What Are Important Bankruptcy Terms to Know
April 1, 2021
Bankruptcy is a commonly discussed subject that impacts the lives of many people and businesses every year. During the bankruptcy process, you are likely to hear a handful of words and terms with which you may not be familiar. The legal world comes with its own language and jargon that can be intimidating and confusing.
Continue scrolling to learn some of the most common and important terms about bankruptcy.
341 Meeting — A meeting where the debtor is questioned under oath by creditors, a trustee, examiner, or a U.S. trustee about their finances.
Bankruptcy Trustee — This is an individual apportioned by the court to act on behalf of creditors. In Chapter 7 filings, this person reviews the debtor's petition, conducts liquidation, and distributes earnings to creditors. In chapter 13 filings, this person oversees the debtor's repayment plan, receives money from a debtor, and then distributes money to creditors.
Claim — A creditor's assertion of their right to payment from a debtor or their property.
Credit Counseling — Before you can file for bankruptcy, you must meet with a non-profit budget and credit counseling agency. After you file, you will complete a perianal financial management course before bankruptcy can be discharged.
Discharge — A release of a debtor from liability for dischargeable debts.
Exempt Property — Property or equity in property that a debtor is allowed to keep.
Lien —A charge on specific property designed to secure payment of debts or performance of an obligation.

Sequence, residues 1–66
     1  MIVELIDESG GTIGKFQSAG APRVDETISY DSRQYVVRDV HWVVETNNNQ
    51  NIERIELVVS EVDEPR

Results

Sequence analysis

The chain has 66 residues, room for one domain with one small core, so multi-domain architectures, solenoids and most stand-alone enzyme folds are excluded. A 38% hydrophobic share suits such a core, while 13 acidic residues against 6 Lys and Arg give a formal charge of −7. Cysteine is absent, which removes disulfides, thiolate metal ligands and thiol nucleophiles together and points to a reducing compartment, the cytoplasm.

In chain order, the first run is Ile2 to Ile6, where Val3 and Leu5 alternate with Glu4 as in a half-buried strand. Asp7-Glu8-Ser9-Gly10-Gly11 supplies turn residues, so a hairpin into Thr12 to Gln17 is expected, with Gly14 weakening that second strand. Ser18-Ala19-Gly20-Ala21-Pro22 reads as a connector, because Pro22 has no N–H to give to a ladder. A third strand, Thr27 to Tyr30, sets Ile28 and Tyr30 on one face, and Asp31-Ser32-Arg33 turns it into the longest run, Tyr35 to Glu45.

Liquidation — A sale of a debtor's non-exempt property where the proceeds are used to repay creditors.
Means Test — The calculation used to determine whether a person has the means or not to repay their debts in Chapter 7 bankruptcy. If the test is failed, the case may either be dismissed or turned into a Chapter 13 filing.
Non-Dischargeable Debt — Debts that cannot be eliminated in bankruptcy.
Priority Claim — An unsecured claim that is entitled to be paid before other unsecured claims are paid that are not given priority status.
Proof of Claim — A written declaration describing the reason a debtor owes a creditor.
Reaffirmation Agreement — An agreement made by a debtor who has child Chapter 7 bankruptcy to continue paying dischargeable debts after bankruptcy so that the debtor can keep assets instead of having them repossessed.
Secured Debt — Debt that is back by mortgages, a pledge of collateral, or another lien.
Statement of Financial Affairs — A series of questions a debtor is required to answer in writing regarding income sources, property transfers, lawsuits by creditors, etc.
Undersecured Claim — A debt secured by property that is worth less than the amount of debt.
CONTACT CHARLES W. DAFF, BANKRUPTCY ATTORNEY
Understanding these words is beneficial when going through the bankruptcy process. However, knowing these terms is likely not enough to handle filing bankruptcy alone. If you are facing bankruptcy, hiring a knowledgeable and experienced bankruptcy attorney will help you throughout this complicated process. If you are considering filing bankruptcy, call on Charles W. Daff, Bankruptcy Attorney. With over 43 years of experience in bankruptcy law, you can trust Charles W. Daff to navigate this overwhelming time and guide you through this legal process. If you reside in Orange County, Riverside County, San Bernardino County, or Los Angeles County and are considering filing for bankruptcy, contact us today to schedule your free initial consultation.